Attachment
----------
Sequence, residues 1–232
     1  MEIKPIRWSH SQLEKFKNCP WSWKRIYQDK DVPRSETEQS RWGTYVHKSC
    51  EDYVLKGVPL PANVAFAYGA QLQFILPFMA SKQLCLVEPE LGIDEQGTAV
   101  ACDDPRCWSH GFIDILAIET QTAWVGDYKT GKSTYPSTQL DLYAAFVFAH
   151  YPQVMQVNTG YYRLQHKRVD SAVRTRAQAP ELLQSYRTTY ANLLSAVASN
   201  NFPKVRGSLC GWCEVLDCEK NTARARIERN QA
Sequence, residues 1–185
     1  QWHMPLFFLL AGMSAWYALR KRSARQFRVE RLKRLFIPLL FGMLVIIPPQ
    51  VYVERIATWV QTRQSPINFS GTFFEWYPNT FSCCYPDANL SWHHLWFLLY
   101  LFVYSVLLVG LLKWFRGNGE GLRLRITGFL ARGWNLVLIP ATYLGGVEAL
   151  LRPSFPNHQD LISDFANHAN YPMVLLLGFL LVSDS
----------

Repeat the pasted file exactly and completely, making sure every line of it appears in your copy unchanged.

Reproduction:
Sequence, residues 1–232
     1  MEIKPIRWSH SQLEKFKNCP WSWKRIYQDK DVPRSETEQS RWGTYVHKSC
    51  EDYVLKGVPL PANVAFAYGA QLQFILPFMA SKQLCLVEPE LGIDEQGTAV
   101  ACDDPRCWSH GFIDILAIET QTAWVGDYKT GKSTYPSTQL DLYAAFVFAH
   151  YPQVMQVNTG YYRLQHKRVD SAVRTRAQAP ELLQSYRTTY ANLLSAVASN
   201  NFPKVRGSLC GWCEVLDCEK NTARARIERN QA
Sequence, residues 1–185
     1  QWHMPLFFLL AGMSAWYALR KRSARQFRVE RLKRLFIPLL FGMLVIIPPQ
    51  VYVERIATWV QTRQSPINFS GTFFEWYPNT FSCCYPDANL SWHHLWFLLY
   101  LFVYSVLLVG LLKWFRGNGE GLRLRITGFL ARGWNLVLIP ATYLGGVEAL
   151  LRPSFPNHQD LISDFANHAN YPMVLLLGFL LVSDS